U.S. blames Mexico and Canada for lack of NAFTA progress

USTR Robert Lighthizer accuses the other two countries of not engaging seriously on provisions to rebalance the agreement
Edgard Garrido/REUTERS
Miguel Pallares / Ivette Saldaña
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The fifth round of talks in the renegotiation of the North American Free Trade Agreement ended without progress on key issues and with accusations thrown against the governments of Mexico and Canada.

In Washington, U.S. Trade Representative Robert Lighthizer said he is concerned by the lack of “significant progress” and added the United States hasn't seen thus far evidence that either Canada or Mexico are willing to “seriously engage on provisions that will lead to a rebalanced agreement. Absent rebalancing, we will not reach a satisfactory result,” he warned.

However, Mexican Minister of Economy, Ildefonso Guajardo, assured this was a complex process and while it is good to have alternatives, Mexico is clearly committed to a constructive negotiation.

He said Mexico didn't offer any counter-proposal regrading the dispute-solving mechanism and other key issues because, first, they want to fully understand and analyze the American proposals, such as the rules of origin for the automotive industry.

Guajardo claimed Mexico will have “clear definitions on the complicated issues” by the time the sixth round of talks launches.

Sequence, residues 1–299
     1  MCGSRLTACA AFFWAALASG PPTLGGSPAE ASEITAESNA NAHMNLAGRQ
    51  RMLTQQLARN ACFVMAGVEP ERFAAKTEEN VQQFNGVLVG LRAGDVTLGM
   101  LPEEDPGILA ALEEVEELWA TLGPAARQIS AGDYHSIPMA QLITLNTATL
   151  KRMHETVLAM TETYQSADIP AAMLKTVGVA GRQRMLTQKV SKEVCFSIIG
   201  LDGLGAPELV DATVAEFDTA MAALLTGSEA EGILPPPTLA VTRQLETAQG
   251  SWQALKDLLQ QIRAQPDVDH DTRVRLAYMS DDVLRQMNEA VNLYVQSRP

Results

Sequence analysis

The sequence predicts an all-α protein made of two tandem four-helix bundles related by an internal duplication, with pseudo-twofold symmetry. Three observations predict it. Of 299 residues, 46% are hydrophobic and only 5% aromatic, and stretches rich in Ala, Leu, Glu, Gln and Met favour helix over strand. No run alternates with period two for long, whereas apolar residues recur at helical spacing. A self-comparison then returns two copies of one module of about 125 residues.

The Canadian Minister of Foreign Affairs, Chrystia Freeland, said during a press conference in Ottawa, Canada, that differences still persist on several issues because they're looking to settle “a good agreement, not any agreement.”

A source in the highest levels of the American government has said to foreign journalists that the U.S. was expecting to hear counter-proposals from both, Mexico and Canada, in order to have some progress on the most sensitive topics, but that wasn't the case during the fifth round.

According to our sources, Mexico presented a contra-proposal in issues such as the textile industry and government procurement, and proposed to review NAFTA every five years instead of adding a sunset clause – a proposal Canada backed.

At the end of the fifth round, a trilateral statement was released in which the governments of the countries declared they would hold an intersessional meeting in December.

The sixth round will take place next year in Montreal, Canada, from January 23 to 28.


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